Willamette Pass Poma Lift loop
February 28, 1982
This report is prefaced with Dan Sellard’s experience of the Poma Lift as reported in the February 28th Register-Guard—
“The other trip, the bad one? I’ve been wanting to do it and have written about it: Take the Poma lift at Willamette Pass Ski Area to the top of the ridge and then ski clockwise around the unnamed butte to the Pacific Crest Trail and back to the ski area.
“Don’t do it unless the snow is just right or you’re a better skier than I am. The snow was icy when I and five friends made the trip, and I must have fallen 50 times. The trail is OK, but not on ice. Coming down past the Rosary Lakes was hellish. One couldn’t glide down, having to sidestep instead.
“Although we left the ski area fairly early, about 9:30 a.m., we skied (and walked) the last 1½ miles after dark, and that’s an experience I can live without.
“Those are the longest nine miles I’ve ever traveled under any circumstances. I came home so bushed and bruised my wife helped me into bed. The next day I was so tired I couldn’t think, so I left work in early afternoon and went back to bed.”
Our two car loads of skiers, Sunday paper In hand, got a chance to absorb Dan Sellard’s R/G column wherein he expressed his opinion of the infamous “Poma Lift Loop” that has caused so many skiers to come dragging into the finish point long after dark. Dan’s use of adjectives such as “bad” and “horrid” did not seem to dismay our group, even though, we were enroute to ski the same loop.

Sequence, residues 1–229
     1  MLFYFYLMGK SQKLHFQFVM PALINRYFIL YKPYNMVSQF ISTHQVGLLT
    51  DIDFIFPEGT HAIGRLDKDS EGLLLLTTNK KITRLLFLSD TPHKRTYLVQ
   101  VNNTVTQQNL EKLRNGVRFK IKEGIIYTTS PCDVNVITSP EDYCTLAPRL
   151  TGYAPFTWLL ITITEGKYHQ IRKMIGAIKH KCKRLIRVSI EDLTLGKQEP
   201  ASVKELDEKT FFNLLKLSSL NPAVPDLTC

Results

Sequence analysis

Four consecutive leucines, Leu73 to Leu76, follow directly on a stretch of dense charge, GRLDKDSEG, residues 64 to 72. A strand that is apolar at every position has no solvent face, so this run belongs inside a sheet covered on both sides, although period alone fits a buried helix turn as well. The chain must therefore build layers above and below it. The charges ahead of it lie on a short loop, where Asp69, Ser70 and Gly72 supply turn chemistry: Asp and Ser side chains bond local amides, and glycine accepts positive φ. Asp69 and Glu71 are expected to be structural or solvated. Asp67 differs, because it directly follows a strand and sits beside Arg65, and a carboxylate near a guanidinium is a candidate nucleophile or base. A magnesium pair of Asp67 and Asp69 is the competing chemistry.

At the conclusion of our XC tour — nine long, hard miles of challenging skiing, completed ere the sun had set — the adjectives being bandied about by our enthused skiers were "great," “super” and the like. There were two good reasons for this. First off, we lucked out with 4 inches of powder to ski on vs. Dan’s icy crusts. Secondly, the Gold Lake exit that we used avoids a strenuous ridge climb needed to exit via Rosary Lakes, the route taken by Dan and his party.
Dick used his spiffy “new generation” Touring Crowns (lots of side cut) to carve some fancy telemarks on our one exhilarating downhill sweep, near mid-trip — and both he and Andy swapped turns breaking trail over 80% of the route. All but one of the ladies did the trip with flair and aplomb; demonstrating good skills along with the needed stamina. The exception was one who got tossed by the poma lift, requiring her to laboriously gain the remaining 500 feet of elevation afoot. That was a handicap from which she never quite recovered, and she was never heard to utter any adjectives resembling “great” or “super.” Nor “horrid” either. Those accepting the challenge were Jan Gallenstein, Bernie David, Christine Ligneau, Dick Hildreth, Carol Kompanik, Rose Marie Moffitt, Andy and Marie-Ann Thompson, and leader Bob Devine.